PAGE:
US3514163A (en) * 1962-09-27 1970-05-26 Bendix Corp Power brake system
US3808817A (en) * 1973-01-16 1974-05-07 Gen Motors Corp Pressure balanced hydraulic brake booster
FR2345324A1 (en) * 1976-03-24 1977-10-21 Bendix Corp Hydraulic brake booster
US4241582A (en) * 1977-11-04 1980-12-30 Societe Anonyme Francaise Du Ferodo Assisted braking device
US4382364A (en) * 1978-01-31 1983-05-10 Girling Limited Hydraulic braking systems for vehicles

Citations (7)

* Cited by examiner, † Cited by third party
Publication number Priority date Publication date Assignee Title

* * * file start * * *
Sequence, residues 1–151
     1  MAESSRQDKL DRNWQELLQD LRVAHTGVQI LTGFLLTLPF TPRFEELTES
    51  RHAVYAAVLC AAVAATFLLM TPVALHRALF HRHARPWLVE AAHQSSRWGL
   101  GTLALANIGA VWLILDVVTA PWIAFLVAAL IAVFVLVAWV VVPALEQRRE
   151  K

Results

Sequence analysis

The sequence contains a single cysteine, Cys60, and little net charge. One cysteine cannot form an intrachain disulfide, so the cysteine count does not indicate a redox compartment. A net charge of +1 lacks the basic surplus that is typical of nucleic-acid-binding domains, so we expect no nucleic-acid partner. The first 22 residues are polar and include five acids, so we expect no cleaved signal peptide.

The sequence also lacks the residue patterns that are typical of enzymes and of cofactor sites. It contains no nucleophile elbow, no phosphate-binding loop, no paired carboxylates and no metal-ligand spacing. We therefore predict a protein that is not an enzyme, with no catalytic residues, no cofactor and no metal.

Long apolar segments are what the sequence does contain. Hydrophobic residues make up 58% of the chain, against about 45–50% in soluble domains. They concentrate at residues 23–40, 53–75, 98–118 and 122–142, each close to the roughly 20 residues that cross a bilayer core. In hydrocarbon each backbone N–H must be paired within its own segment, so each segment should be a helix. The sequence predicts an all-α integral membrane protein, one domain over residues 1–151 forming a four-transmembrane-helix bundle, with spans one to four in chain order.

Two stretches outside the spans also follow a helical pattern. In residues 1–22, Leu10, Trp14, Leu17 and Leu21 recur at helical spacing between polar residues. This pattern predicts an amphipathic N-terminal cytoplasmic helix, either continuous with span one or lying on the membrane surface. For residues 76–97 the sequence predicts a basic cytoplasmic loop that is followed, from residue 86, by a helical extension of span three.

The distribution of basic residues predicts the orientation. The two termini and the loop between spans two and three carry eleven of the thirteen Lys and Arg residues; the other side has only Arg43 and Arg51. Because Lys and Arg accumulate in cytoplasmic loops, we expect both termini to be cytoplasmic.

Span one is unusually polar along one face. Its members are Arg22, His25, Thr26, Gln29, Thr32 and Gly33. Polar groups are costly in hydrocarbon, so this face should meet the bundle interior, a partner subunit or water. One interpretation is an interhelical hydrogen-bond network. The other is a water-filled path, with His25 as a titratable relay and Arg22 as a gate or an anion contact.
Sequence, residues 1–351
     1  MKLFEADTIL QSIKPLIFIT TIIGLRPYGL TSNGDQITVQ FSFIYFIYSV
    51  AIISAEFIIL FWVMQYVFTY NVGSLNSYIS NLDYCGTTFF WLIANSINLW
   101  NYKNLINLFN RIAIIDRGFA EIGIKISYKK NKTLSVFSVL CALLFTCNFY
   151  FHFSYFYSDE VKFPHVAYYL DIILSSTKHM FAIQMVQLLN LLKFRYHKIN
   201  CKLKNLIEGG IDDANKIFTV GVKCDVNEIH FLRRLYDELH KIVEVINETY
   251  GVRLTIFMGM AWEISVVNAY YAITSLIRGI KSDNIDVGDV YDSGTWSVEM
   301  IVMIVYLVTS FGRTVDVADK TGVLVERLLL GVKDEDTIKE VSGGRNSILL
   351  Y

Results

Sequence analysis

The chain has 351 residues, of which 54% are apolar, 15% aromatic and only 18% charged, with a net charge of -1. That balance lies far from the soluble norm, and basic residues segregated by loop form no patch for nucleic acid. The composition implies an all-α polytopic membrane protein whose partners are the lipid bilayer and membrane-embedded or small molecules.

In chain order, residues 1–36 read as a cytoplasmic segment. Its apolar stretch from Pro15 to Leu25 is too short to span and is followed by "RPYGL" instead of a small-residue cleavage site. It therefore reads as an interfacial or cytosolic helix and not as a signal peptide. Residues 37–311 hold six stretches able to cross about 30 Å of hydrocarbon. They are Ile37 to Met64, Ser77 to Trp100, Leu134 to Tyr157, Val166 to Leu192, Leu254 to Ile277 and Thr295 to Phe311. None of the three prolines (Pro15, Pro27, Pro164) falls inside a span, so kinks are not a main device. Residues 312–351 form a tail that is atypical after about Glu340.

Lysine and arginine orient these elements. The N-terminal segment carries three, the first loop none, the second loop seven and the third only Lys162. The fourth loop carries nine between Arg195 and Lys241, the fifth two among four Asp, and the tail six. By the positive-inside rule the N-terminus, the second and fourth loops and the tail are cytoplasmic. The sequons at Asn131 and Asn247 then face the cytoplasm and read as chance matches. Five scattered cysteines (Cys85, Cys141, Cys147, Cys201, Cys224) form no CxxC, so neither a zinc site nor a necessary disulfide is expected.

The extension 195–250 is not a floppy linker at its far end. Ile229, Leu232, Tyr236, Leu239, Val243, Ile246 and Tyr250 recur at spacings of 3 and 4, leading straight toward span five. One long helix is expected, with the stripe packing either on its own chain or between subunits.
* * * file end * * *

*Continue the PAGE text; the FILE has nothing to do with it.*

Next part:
US1903973A (en) * 1930-05-17 1933-04-18 Boughton Edward Bishop Brake for use on vehicles
US1906242A (en) * 1930-10-08 1933-05-02 India Rubber Gutta Percha Tele Controls for fluid pressure operated aircraft wheel brakes
US2318756A (en) * 1940-12-16 1943-05-11 Automotive Prod Co Ltd Brake for vehicles
US2343698A (en) * 1940-12-31 1944-03-07 Automotive Prod Co Ltd Braking system for vehicles
US2395223A (en) * 1944-01-13 1946-02-19 Automatic Shifters Inc Vehicle brake mechanism
US2449392A (en) * 1945-05-25 1948-09-14 Adel Prec Products Corp Pulsator system
US2473803A (en) * 1945-06-01 1949-06-21 Hydraulic Brake Co Master cylinder

Patent Citations (7)

* Cited by examiner, † Cited by third party
Publication number Priority date Publication date Assignee Title
US1903973A (en) * 1930-05-17 1933-04-18 Boughton Edward Bishop Brake for use on vehicles
US1906242A (en) * 1930-10-08 1933-05-02 India Rubber Gutta Percha Tele Controls for fluid pressure operated aircraft wheel brakes